Public Procurement - 2011 PRINT E-mail


The Mongolia assessment was based on the legislation in force in 2010 and revealed:

  • high degree of compliance in many areas, such as provisions for safeguarding procedural integrity (e.g. preventing conflicts of interest);
  • medium compliance (average 71%) for the quality of the public procurement legal framework;
  • outstanding compliance with the integrity indicators;
  • the highest result for full compliance, achieved of all assessed countries.

However, the Mongolian public procurement framework still needs much reform. It has several regulatory gaps in the institutional framework and efficiency instruments such as lack of framework agreements. Centralisation means 80% of all procurements are handled by central government agencies. Local practitioners say remedy proceedings are timely and affordable, but review decisions are unpredictable and discriminatory. The Procurement Policy Department is perceived to be open to undue influence.

Despite all efforts, it proved impossible to obtain feedback from any local contracting entities3 or to obtain data on the implementation of environmentally sound public procurement.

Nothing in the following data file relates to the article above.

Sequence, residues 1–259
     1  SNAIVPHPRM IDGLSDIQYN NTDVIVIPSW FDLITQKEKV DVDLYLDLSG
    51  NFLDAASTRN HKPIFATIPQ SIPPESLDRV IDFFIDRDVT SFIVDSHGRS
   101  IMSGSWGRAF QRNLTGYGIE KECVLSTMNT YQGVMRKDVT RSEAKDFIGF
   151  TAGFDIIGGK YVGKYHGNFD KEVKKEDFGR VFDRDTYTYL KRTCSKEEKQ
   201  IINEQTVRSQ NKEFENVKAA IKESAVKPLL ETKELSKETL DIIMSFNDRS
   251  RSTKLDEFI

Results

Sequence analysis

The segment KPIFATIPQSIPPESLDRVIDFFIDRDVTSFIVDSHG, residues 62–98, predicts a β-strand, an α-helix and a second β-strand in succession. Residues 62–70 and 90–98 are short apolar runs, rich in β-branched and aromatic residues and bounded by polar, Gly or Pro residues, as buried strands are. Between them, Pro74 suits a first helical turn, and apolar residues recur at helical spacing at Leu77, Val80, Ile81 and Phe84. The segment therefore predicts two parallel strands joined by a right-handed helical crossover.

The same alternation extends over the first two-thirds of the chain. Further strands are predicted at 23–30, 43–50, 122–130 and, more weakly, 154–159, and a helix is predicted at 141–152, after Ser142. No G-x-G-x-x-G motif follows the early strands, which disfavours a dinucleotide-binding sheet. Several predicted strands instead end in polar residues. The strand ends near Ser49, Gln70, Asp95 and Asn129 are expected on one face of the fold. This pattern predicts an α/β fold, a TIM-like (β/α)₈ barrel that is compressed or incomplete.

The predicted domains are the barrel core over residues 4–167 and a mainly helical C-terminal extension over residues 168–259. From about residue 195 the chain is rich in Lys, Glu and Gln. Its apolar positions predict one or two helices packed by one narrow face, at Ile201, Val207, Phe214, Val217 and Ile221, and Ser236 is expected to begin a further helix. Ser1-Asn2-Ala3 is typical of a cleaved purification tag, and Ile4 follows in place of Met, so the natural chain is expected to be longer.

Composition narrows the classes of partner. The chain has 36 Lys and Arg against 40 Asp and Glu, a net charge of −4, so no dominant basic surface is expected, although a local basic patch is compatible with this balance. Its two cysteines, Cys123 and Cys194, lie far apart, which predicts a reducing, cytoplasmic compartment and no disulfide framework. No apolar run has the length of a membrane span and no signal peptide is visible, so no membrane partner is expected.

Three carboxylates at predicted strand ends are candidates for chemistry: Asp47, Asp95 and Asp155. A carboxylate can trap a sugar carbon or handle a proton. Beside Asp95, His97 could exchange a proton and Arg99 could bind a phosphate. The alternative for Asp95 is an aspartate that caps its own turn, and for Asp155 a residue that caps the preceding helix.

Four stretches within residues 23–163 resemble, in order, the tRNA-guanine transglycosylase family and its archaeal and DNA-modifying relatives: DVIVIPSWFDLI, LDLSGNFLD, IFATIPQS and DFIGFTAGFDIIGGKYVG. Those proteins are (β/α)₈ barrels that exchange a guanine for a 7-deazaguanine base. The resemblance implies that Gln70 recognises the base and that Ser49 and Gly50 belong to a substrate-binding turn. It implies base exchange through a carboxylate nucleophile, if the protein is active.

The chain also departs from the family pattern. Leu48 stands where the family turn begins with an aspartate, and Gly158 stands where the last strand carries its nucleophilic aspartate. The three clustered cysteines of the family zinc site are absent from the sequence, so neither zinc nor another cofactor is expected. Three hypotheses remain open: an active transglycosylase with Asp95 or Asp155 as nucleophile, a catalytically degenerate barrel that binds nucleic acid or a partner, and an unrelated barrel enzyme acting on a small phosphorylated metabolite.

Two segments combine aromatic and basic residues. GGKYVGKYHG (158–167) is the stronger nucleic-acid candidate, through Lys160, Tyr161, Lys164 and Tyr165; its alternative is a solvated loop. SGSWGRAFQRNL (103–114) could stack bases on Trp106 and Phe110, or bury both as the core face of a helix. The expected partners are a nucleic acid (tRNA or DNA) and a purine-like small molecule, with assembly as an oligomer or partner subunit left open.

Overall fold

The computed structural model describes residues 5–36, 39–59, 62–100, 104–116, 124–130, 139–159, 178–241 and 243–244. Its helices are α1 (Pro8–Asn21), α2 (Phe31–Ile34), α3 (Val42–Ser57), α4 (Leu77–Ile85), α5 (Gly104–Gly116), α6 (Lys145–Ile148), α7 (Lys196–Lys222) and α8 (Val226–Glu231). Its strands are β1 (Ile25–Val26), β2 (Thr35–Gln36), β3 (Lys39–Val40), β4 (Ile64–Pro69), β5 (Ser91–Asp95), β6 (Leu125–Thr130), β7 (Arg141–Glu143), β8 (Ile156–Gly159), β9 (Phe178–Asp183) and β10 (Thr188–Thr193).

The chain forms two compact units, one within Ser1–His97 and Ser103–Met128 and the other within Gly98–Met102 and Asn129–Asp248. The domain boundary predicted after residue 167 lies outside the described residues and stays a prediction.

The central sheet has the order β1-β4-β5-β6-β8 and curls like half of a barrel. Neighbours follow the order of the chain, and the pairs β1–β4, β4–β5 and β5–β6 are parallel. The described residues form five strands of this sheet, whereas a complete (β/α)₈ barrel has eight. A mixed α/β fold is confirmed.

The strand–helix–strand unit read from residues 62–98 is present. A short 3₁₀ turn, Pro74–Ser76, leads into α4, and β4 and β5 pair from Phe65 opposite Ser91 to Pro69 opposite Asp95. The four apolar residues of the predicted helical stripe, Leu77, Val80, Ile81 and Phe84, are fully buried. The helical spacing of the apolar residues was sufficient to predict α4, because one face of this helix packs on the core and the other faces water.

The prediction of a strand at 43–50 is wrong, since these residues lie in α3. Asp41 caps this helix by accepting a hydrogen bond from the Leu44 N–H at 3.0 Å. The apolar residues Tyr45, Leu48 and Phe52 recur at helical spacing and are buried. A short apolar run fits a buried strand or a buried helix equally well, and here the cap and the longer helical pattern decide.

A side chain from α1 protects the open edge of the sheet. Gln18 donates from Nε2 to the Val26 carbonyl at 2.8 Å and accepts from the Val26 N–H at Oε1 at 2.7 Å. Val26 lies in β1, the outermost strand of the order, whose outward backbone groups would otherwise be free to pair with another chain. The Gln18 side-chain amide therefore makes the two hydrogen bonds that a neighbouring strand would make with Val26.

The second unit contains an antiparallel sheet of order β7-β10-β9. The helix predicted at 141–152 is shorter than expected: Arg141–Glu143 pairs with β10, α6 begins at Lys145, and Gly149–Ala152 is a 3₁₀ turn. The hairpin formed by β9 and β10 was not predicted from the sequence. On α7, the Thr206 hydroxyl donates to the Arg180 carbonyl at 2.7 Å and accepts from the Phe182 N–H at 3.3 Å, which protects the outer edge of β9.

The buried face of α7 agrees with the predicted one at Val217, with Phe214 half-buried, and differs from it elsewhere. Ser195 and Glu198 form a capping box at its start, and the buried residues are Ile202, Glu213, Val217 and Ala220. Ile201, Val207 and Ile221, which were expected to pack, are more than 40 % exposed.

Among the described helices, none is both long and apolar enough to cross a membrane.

The current diagnostic reviews all the outstanding issues in more depth in order to provide detailed recommendations on addressing weaknesses identified in 2010 and applying solutions recommended by the Model Law. The present report also offers guidance for upgrading specific parts of national legislation to the Model Law benchmark in order to achieve substantial improvements to the quality of the national regulatory framework and local procurement practice.

3 The OECD’s 2007 review includes Mongolia. See Pilot Exercise of the OECD-DAC Joint Venture for Procurement Results of the Benchmarking and Assessment of the Mongolian Public Procurement System (August 2007), Organisation for Economic Cooperation & Development,

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